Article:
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COLEMAN v. FRIERSON

April 30, 1985

SAMUEL COLEMAN, PLAINTIFF,
v.
GORDON FRIERSON, ET AL., DEFENDANTS.



The opinion of the court was delivered by: Shadur, District Judge.

MEMORANDUM OPINION AND ORDER

Samuel Coleman ("Coleman") prevailed against each of the remaining three defendants in this 42 U.S.C. § 1983 ("Section 1983") action, brought to challenge Coleman's firing as Special Investigator for the Village of Robbins ("Robbins") and his later arrest on charges of impersonating a police officer. After entry of a default judgment as to liability against defendants, a jury trial was held solely to determine Coleman's damages. Verdicts were returned in the following amounts:

    1. against former Robbins Mayor Marion Smith ("Smith"),
  $250,000 in compensatory damages for physical, mental and
  emotional injury and $100,000 in punitive damages;
    2. against former Robbins Police Chief Gordon Frierson
  ("Frierson"), $125,000 in compensatory damages for physical,
  mental and emotional injury and $100,000 in punitive damages;
    3. against Robbins, $34,000 in lost wages and $14,842 in
  interest; and
    4. against Frierson and Smith jointly and severally, $3,000
  in compensatory damages for legal and medical
  expenses.*fn1
  Coleman has now petitioned for an award of attorneys' fees under 42 U.S.C. § 1988 ("Section 1988"). His petition is granted, subject to the limitations stated in this opinion.

Reasonable Fee Award

Parties are "prevailing" for Section 1988 purposes "if they succeed on any significant issue in litigation which achieves some of the benefit the parties sought in bringing suit." Hensley v. Eckerhart, 461 U.S. 424, 433, 103 S.Ct. 1933, 1939, 76 L.Ed.2d 40 (1983), quoting Nadeau v. Helgemoe, 581 F.2d 275, 278-79 (1st Cir. 1978). Because Coleman certainly qualifies as a prevailing party in those terms, it remains only to calculate a "reasonable" fee in the circumstances of the case. For that purpose this Court must look first to "the number of hours reasonably expended on the litigation multiplied by a reasonable hourly rate," Hensley, 461 U.S. at 433, 103 S.Ct. at 1939, an inquiry that entails consideration of such factors as the novelty and difficulty of the questions involved, the amount involved and the results obtained, the customary fee and the experience and ability of the attorney. Id. at 430 n. 4, 103 S.Ct. at 1938 n. 4, citing Johnson v. Georgia Highway Express, Inc., 488 F.2d 714, 717-19 (5th Cir. 1974).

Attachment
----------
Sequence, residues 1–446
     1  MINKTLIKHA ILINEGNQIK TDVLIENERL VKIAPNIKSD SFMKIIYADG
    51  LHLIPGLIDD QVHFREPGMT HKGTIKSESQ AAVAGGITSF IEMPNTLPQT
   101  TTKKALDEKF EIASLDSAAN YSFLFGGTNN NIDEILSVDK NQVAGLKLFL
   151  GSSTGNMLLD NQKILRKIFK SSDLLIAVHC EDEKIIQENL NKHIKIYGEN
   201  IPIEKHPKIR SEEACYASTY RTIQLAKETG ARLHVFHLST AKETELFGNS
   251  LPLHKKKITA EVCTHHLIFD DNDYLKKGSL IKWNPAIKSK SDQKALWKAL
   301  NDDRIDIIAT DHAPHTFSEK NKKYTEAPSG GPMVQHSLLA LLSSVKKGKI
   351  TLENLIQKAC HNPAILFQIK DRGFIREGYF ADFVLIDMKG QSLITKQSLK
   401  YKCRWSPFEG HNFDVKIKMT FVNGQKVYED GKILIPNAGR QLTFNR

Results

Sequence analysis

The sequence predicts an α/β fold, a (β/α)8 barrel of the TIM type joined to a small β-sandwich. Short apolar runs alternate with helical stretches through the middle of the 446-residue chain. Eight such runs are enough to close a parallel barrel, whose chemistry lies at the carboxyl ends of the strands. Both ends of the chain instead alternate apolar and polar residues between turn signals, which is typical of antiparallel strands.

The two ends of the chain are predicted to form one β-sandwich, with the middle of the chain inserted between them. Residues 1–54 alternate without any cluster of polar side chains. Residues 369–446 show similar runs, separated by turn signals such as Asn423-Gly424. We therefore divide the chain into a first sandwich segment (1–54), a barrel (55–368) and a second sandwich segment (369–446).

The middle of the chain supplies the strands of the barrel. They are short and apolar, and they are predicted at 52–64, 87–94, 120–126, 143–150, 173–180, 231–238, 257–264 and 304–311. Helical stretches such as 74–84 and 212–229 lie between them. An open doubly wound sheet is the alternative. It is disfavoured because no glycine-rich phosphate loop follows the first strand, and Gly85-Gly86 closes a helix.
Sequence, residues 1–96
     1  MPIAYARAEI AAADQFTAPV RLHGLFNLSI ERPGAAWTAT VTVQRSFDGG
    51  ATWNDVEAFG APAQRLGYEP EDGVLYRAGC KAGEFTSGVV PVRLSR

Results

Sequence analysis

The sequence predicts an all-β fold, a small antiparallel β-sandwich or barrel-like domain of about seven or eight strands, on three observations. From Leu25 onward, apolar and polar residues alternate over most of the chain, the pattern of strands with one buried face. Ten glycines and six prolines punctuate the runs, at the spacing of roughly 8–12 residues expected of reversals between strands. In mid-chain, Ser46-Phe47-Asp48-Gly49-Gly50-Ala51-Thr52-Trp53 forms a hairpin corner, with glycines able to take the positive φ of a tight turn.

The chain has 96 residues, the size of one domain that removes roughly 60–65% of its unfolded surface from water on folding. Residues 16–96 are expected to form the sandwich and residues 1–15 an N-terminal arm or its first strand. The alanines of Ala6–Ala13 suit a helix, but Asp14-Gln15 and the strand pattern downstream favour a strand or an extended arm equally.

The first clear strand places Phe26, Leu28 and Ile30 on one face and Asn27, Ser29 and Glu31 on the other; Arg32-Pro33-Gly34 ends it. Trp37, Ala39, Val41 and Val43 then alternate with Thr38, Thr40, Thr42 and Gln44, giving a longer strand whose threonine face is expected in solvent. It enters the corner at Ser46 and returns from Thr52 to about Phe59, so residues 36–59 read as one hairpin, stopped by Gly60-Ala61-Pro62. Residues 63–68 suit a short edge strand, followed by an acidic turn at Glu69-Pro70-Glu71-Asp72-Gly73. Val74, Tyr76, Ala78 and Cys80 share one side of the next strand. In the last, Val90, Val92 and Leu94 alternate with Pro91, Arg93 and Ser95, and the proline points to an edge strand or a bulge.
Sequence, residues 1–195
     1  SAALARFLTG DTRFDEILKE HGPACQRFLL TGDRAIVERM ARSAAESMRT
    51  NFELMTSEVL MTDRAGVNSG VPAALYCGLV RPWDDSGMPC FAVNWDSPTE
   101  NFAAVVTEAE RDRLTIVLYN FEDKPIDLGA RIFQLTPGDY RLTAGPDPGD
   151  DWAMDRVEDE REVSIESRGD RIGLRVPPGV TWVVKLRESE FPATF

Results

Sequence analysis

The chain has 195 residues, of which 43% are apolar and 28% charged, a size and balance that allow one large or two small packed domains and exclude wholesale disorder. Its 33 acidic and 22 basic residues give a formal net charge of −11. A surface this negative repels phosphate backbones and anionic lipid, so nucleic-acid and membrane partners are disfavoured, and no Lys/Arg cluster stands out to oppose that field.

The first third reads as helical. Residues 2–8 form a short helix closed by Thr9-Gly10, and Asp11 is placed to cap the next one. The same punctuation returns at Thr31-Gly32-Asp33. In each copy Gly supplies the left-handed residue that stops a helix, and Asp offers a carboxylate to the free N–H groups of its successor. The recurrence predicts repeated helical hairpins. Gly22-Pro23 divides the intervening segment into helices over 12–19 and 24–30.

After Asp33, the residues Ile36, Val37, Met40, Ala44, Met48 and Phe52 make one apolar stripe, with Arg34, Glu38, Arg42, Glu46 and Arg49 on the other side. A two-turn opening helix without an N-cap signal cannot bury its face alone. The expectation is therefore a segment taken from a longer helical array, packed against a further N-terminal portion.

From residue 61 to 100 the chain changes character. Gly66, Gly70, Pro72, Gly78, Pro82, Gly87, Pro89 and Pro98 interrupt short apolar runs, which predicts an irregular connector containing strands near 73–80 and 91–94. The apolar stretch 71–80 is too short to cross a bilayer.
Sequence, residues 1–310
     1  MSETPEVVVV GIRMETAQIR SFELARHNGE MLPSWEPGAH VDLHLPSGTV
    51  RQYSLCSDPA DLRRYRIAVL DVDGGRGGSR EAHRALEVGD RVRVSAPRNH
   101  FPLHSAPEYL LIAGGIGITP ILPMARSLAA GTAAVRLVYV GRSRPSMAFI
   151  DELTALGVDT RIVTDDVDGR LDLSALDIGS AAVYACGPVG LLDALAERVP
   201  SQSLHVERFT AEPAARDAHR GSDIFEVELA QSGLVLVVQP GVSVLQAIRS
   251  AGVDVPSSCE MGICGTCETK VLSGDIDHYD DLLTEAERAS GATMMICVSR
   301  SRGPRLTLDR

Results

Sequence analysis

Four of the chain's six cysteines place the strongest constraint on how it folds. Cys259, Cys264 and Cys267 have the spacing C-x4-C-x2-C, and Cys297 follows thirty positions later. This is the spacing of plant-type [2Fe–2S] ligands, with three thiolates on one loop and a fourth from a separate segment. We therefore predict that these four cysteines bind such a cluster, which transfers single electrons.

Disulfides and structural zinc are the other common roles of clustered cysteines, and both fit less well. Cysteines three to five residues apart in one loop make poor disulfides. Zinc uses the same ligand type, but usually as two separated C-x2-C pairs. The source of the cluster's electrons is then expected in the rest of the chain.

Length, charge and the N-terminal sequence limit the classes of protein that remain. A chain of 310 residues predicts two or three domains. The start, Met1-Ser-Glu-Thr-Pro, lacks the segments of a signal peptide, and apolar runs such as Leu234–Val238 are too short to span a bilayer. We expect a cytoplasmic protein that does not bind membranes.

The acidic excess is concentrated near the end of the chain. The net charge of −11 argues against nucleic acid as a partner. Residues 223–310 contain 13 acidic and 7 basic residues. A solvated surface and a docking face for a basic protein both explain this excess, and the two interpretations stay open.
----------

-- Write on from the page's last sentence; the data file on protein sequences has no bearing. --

Affidavits filed by Coleman's attorneys, Abraham Goldman ("Goldman") and Steven Ackerman ("Ackerman"), set out in scrupulous detail the time spent on this lawsuit from March 1982 through November 1984. They have taken special care to deduct (1) time for duplicate effort and (2) time that has already been compensated by sanctions under Fed.R.Civ.P. ("Rule") 37. After careful review of those affidavits, this Court finds Goldman's 303.25 hours and Ackerman's 537.75 hours over a two-year period represent a reasonable investment of time — especially given the nature of the case and the substantial problems created by defendants' and their counsel's conduct of the litigation.*fn2

Coleman had a difficult factual case to prove. Because his claim turned in part on Smith's and Frierson's intent — why they acted as they did — Coleman's lawyers were confronted by the always troublesome task of building on inferences. Similarly, every effort to pierce the veil of governmental action is likely to be hard, and that was doubly complicated here because the events underlying Coleman's claim occurred in the context of apparent conflict between the Robbins Board of Trustees and various Robbins officials over the locus of municipal authority and power. Goldman and Ackerman also had the job of dealing with complicated questions about the allocation of municipal power under state law. And all their work called for piecing the facts together out of a welter of deposition testimony. As already said, there can be no quarrel with the reasonableness of the time spent.

As for the applicable hourly rate, Goldman seeks an award at $150 per hour, while Ackerman has asked $100. Fair market value is the standard for appraising those requests, Strama v. Peterson, 561 F. Supp. 997, 999 (N.D.Ill. 1983), and that standard is plainly met here:

    1. Goldman has had extensive experience trying Section 1983
  cases. In fact he was trial counsel for plaintiffs in
  Winfield v. Murcia, 78 C 1792 (N.D.Ill. Oct. 30, 1981), the
  first case prosecuted to a verdict against the City of
  Chicago under the doctrine of Monell v. Department of Social
  Services of the City of New York, 436 U.S. 658, 692-93, 98
  S.Ct. 2018, 2036-37, 56 L.Ed.2d 611 (1978). Goldman has
  submitted recent statements issued to other civil rights
  clients reflecting the $150 hourly rate.
    2. Ackerman, like Goldman, has had substantial federal court
  trial experience in civil rights cases. For example, he was
  co-trial counsel with Goldman in Winfield. As of March 1983
  (in connection with a then-pending motion for assessment

  of fees as Rule 37 sanction) this Court calculated the value
  of Ackerman's services at $85 an hour. Increasing that rate
  to $100 is reasonable in terms of today's market rates.

Robbins urges not all the time expended by Goldman and Ackerman should be billed at their current hourly rates. On that score the case law in this Circuit is clearly otherwise. Gautreaux v. Chicago Housing Authority, 690 F.2d 601, 612-13 (7th Cir. 1982), specifically holds awards at current hourly rates rather than historic rates are appropriate (and have been widely approved elsewhere). And Chapliiwy v. Uniroyal, Inc., 670 F.2d 760, 764 & n. 6 (7th ...


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